Couple quick points on flow of funds

The aggregate private domestic financial balance continues to look non-threatening from a business cycle stability perspective. The balance is least-noisily measured (i.e. inferred) from the sum of (ok, difference between) the current account and fiscal balances. As the top right chart shows, this has recently improved, accommodated by a larger government fiscal deficit (not shown).

All else equal, larger fiscal deficits are short-run* stabilizing, although all else is never equal and all this stuff is simultaneously determined. But having been determined, it is not bad at all, from a stability perspective. The sum of the household and corporate financial balances looks pretty similar to the aggregate domestic private, unsurprisingly, as these are the two largest domestic sectors.  And each of these two major sectors taken in isolation, lower row of charts, also look ok. So good.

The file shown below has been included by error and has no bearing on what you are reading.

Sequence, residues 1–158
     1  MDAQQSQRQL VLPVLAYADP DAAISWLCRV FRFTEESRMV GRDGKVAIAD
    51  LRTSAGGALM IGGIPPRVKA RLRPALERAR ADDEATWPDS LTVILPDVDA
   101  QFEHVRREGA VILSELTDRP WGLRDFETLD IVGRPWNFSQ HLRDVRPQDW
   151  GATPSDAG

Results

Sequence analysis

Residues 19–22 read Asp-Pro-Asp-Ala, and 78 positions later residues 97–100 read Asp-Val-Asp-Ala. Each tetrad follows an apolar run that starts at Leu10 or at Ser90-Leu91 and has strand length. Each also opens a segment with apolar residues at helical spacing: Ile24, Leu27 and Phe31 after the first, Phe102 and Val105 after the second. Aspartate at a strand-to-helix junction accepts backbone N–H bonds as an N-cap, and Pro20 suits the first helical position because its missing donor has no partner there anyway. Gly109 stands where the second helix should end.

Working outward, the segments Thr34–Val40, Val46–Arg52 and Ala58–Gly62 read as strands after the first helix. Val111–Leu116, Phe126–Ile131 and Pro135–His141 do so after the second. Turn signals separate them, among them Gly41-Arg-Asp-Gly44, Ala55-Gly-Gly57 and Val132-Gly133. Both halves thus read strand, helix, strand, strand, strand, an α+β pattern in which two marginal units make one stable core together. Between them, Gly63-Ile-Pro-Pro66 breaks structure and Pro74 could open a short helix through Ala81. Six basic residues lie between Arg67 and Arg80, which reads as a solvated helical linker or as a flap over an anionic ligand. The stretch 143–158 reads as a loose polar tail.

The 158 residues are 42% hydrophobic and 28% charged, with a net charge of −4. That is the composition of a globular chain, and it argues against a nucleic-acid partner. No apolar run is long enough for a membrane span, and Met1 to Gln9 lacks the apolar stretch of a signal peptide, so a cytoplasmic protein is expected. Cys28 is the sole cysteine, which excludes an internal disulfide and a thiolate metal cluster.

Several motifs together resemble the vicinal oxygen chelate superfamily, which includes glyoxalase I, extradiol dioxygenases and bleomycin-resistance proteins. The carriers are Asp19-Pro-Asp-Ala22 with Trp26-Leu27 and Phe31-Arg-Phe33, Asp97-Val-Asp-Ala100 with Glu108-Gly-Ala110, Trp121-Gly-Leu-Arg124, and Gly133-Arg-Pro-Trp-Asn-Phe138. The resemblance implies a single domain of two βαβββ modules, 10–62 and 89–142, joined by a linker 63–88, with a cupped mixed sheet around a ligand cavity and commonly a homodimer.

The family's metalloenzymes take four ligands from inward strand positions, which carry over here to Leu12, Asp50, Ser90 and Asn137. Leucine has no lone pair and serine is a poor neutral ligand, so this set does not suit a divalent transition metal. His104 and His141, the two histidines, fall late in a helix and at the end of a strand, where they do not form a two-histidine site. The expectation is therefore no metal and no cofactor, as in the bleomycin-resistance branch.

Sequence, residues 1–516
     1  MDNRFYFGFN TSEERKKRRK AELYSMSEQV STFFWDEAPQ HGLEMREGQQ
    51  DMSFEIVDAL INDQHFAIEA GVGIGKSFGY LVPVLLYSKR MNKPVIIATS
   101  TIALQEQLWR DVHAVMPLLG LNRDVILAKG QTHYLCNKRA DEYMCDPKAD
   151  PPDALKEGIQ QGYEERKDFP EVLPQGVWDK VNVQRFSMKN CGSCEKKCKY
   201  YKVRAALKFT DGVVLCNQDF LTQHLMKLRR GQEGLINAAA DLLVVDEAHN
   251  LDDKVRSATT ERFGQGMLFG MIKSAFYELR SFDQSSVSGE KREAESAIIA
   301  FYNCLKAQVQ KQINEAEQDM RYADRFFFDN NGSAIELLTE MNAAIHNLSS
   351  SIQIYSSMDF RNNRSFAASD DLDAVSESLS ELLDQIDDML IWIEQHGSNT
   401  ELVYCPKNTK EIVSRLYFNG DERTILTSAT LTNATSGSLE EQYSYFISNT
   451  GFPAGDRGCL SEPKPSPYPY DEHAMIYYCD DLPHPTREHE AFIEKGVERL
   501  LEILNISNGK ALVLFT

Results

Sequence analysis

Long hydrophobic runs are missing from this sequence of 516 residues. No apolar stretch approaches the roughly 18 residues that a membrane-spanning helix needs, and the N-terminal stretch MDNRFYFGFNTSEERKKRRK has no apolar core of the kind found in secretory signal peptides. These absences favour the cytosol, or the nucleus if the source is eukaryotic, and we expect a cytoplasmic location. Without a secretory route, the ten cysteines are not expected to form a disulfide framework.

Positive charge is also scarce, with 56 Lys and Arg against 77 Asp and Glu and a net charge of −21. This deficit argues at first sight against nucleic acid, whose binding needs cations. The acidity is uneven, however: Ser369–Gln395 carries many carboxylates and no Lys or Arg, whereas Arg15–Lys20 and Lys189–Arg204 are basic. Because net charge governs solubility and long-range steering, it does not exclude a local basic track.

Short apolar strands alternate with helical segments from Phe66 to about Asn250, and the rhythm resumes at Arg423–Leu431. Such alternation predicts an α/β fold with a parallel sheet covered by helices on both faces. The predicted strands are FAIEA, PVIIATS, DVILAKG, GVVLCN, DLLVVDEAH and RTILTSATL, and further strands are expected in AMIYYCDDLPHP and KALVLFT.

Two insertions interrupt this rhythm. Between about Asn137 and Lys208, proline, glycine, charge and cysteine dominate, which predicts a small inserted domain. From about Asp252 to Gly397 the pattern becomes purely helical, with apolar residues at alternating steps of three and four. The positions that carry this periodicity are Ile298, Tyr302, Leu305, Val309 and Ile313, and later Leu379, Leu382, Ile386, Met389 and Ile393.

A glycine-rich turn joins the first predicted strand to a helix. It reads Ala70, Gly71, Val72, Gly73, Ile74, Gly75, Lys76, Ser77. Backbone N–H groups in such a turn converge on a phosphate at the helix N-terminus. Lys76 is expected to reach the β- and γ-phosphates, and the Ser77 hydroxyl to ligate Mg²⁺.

Financial balances are meant to be the difference between net asset accumulation and net borrowing, the latter of which is pictured below.  Household sector borrowing remains restrained by historical standards and corporate borrowing is about average. This is a rather odd time for the powers that be to discover that they need to get credit growth going. Credit growth is already going.  But not alarmingly so. And the policy side of this is a separate discussion, one I am sure you do not want me to get into here.  In the big picture the financial flow side of things continues to look benign.


* The short-run could last a while. At some risk of wandering beyond my competence, I would say that the stabilizing effect remains in place so long as the fiscal deficit itself does and so long as government assets remain risk free. As I mentioned here, the former is the larger issue, in my view. Of course, the Trump fiscal “stimulus” has not yet begun.  The move in the fiscal deficit during Q3 itself is largely noise. The broader point is that the fiscal deficit has exceeded the current account deficit for a while now. That implies — and accommodates — a positive, stabilizing private sector financial balance.